10 Crucial Steps For Hiring a Great Executive Assistant – Part 2

In the last blog post, we talked about the first five steps you’ll need to complete before hiring a great Executive Assistant (EA). In this article, we’ll finish out the series and provide you with the final five steps.

Note: Before tackling this blog post, we highly recommend reading the first blog in the series – “10 Crucial Steps For Hiring a Great Executive Assistant – Part 1.

Step 6: Email Follow-up Questions.

After screening out applicants with the “optional” cover letter requirement and the additional tests/questions, you’ll likely be left with 10-30 candidates that you’ll need to sort and evaluate.  To get that list down to your top 10 prepare a couple of follow up questions for each candidate to email to the remaining candidates. 

These follow-up questions serve a dual purpose. For starters, you should be asking questions that you are curious about and help you get to know the candidate better. However, the main reason you’re asking follow-up questions is that you’re looking at their response time (if they do respond – if not, strike them from your list) and gauging the thoughtfulness of their answers. Promptness, follow-through, and thoughtfulness are qualities you’re going to need in an EA.

For example, “I noticed that you are out of state, will you be moving to XX?” or “I see that you’ve worked at larger companies – what made you interested in working for a smaller company?” or “I noticed you’ve only been in your current role for one year, why are you looking to move so soon?”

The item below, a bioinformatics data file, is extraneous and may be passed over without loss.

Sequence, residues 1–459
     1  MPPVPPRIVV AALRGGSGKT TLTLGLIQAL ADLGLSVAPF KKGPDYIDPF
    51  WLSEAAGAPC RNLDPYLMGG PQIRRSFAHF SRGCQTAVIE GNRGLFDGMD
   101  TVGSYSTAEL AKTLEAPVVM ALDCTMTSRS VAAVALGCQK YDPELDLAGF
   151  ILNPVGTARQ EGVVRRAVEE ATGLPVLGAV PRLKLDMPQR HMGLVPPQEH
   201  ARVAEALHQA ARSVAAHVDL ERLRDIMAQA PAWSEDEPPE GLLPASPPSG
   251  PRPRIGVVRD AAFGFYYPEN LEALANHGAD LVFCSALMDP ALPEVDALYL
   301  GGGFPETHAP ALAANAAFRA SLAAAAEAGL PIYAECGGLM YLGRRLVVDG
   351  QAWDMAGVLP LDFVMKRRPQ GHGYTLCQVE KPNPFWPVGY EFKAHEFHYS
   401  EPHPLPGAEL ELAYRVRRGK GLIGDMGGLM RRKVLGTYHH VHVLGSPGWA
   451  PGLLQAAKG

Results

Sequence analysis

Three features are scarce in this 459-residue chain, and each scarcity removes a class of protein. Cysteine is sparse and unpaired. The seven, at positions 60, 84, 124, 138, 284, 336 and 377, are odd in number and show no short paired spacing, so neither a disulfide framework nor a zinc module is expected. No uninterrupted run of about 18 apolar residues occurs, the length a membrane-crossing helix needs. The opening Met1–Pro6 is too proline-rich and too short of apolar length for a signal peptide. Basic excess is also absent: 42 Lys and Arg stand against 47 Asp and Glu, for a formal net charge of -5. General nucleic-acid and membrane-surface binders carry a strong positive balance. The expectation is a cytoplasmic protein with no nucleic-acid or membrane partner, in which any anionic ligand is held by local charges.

Step 7: Schedule a “Get-to-Know-You” Interview.

After assessing the answers to your follow-up questions, select the top 5-10 candidates, and set up fifteen to thirty-minute meetings with each of them. If it’s convenient to meet locally in person do so, but I’ve found a video-conferencing call is easier logistically for both parties. 

Remember, this isn’t a formal job interview. You should use this time to just see if you connect if you’d enjoy working with this person and do you think they seem capable of doing the job. 

Stay away from job-centric queries, and ask more general questions like “What interested you in this role?,” “Why do you want to be an EA?,” and “What about our company makes you want to be apart part of what we do?”  A few minutes discussing some simple questions like these will help you know which one to three candidates you want to invest in a longer more in-depth interview.

Step 8: Prepare For the Interview.

This step is so easy to skip. Executives often jump right into the interview and rely on their “gut.” I cannot stress enough how much that is a bad idea. You need to have well thought out questions. 

The good news is that if you took Step 1 (Define What You’re Looking For) and Step 2 (Write the Role Description) seriously, then most of the preparation work is already done.  These items the framework for your job-related questions. Look through the list of expectations, tasks, and projects in the role description and prep questions for each candidate specifically related to items in the role description. (For example, “The Role Description mentions you’ll be doing [X]. Do you have any experience doing [X]? How has your previous employment roles prepared you to do [X]?”).